Today I wanted to talk to you about another concept I find really interesting, which is how the alignment of our SI joints affects the efficiency of our movements.
What is movement efficiency?
When you move efficiently, this means you’re performing various motions in a smooth, coordinated way, which allows you to achieve maximum results.
Athletes train for movement efficiency, because it means they aren’t wasting any energy as they perform a specific motion.
It’s also easiest on your body– you’re using your muscles and joints in the way they were designed to function optimally. Both muscles and joints are sensitive to the angle they’re being used at, and have a certain range of motion where they can perform best.
However, when your SI joints are out of alignment, this can affect the whole rest of your movement system as well.
As I talked about in my last post, the SI joints play a key role in shock absorption. As various forces travel up our legs when we walk or run, the SI joints absorb that force and redirect it in a way that’s easier for our body to deal with.
However, when the SI joints are out of alignment, that shock absorption system gets thrown off. Suddenly, we have forces traveling up our body at less-than-optimal angles.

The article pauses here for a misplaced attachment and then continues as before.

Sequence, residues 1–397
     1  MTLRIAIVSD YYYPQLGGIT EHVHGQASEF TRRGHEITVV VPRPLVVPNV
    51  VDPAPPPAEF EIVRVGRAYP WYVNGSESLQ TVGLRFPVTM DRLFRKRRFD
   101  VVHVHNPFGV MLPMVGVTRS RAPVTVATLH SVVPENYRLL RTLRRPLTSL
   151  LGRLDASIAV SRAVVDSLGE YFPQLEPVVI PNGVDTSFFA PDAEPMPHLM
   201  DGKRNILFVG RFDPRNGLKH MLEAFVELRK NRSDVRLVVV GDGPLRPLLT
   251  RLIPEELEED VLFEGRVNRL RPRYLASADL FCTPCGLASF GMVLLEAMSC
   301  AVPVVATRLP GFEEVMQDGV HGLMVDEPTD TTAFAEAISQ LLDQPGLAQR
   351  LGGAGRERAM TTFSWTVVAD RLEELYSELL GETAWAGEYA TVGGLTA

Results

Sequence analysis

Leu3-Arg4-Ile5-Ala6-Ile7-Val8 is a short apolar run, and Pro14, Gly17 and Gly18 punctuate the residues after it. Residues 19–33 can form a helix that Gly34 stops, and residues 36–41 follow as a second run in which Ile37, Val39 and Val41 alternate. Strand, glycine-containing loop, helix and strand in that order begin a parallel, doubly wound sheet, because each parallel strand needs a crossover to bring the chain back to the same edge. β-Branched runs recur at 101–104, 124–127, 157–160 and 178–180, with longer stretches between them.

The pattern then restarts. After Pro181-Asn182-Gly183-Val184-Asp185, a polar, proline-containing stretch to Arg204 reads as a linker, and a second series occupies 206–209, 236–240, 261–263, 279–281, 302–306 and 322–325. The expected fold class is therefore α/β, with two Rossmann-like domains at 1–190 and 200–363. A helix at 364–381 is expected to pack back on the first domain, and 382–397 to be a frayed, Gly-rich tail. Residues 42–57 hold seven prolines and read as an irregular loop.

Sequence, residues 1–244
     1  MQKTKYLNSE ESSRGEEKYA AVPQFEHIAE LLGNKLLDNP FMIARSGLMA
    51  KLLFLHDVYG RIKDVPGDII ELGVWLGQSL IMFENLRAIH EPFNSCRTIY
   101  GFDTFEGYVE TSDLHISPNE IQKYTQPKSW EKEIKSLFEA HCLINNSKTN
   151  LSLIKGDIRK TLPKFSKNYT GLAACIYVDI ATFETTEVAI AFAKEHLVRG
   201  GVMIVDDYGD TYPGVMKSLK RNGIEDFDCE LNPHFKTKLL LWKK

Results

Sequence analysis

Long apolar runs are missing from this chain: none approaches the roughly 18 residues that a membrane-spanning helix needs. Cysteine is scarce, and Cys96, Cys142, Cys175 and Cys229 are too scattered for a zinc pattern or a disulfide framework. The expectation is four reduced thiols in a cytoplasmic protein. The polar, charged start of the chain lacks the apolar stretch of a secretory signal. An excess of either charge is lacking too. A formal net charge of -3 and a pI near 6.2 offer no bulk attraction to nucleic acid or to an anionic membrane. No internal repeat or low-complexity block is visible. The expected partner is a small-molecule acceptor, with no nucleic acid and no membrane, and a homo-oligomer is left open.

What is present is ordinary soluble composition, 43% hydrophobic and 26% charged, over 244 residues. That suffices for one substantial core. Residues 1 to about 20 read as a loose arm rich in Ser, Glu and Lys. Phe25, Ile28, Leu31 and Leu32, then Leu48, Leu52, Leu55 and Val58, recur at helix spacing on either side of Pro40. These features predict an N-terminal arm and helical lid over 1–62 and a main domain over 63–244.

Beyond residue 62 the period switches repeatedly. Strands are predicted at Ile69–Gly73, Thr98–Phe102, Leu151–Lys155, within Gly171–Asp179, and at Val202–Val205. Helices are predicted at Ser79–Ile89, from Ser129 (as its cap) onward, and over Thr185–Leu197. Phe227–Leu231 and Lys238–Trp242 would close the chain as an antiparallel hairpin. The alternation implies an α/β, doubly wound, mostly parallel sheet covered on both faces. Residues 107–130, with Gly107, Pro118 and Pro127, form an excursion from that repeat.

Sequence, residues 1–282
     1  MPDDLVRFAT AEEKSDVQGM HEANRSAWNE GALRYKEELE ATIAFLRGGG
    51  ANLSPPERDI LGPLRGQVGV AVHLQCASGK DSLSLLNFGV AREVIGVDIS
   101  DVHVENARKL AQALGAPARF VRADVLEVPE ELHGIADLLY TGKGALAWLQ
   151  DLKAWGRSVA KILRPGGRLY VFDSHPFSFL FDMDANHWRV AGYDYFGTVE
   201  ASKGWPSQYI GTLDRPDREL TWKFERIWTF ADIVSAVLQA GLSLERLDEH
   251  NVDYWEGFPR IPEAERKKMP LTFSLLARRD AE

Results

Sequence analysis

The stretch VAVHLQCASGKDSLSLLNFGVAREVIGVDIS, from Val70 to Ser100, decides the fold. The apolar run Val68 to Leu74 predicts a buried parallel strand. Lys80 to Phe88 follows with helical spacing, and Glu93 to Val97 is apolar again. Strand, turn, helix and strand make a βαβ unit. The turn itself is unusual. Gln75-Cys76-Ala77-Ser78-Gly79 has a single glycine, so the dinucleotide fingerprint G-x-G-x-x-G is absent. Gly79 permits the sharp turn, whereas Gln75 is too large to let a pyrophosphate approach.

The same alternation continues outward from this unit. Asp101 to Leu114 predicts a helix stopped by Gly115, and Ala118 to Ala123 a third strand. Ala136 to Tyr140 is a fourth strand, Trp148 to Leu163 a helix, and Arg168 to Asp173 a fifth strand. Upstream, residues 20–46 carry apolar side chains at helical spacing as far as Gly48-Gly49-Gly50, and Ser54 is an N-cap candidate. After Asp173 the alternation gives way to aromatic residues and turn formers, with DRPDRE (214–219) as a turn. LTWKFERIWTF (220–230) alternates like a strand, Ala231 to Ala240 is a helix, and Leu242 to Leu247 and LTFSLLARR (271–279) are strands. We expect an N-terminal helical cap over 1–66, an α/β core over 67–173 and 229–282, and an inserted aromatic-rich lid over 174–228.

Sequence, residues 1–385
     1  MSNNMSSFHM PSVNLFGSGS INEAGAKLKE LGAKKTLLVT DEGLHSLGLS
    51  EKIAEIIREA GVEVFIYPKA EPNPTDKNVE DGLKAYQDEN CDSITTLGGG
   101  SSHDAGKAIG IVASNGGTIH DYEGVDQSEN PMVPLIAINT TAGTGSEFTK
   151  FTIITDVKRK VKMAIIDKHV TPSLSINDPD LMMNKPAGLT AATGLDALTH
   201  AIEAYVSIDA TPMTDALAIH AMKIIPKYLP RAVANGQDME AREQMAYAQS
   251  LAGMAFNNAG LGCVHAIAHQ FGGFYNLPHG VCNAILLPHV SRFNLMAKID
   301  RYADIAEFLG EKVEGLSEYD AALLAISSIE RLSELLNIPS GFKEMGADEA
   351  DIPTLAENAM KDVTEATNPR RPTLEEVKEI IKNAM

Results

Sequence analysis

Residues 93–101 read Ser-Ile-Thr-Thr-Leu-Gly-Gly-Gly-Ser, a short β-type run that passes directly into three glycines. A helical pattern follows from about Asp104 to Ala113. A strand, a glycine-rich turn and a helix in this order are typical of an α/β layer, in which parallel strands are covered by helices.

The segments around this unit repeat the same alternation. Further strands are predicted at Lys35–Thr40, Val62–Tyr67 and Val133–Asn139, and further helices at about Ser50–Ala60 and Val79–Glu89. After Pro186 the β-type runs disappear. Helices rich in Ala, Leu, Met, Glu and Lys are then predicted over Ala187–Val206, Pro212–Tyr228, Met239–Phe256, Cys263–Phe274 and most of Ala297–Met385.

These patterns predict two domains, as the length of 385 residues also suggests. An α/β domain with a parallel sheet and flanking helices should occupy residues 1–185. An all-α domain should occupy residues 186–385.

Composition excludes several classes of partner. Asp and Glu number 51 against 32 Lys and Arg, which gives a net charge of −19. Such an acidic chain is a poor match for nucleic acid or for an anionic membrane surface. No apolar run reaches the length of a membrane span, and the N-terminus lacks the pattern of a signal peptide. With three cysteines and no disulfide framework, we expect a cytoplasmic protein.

It may not be something you’d notice consciously, but it does mean your body will have to work a little bit harder when you move (which is one reason why SI joint dysfunction can cause the muscles surrounding the joint to tighten up).
It’s also harder for muscles to contract when they don’t have the right alignment.
This is a fascinating topic that I could write a whole other post about, but for now I’ll just say that muscles are designed to function within a certain range of motion, relative to a joint. It’s easiest for them to perform when they’re in the middle of this possible range of motion.
However, when you ask a muscle to perform at a point within this range that’s either much shorter than usual, or much longer than usual, it becomes a lot harder for that muscle to produce any force. It takes more energy from the body to use muscles this way, and the contraction you produce will probably still not be as strong.
So where am I going with this?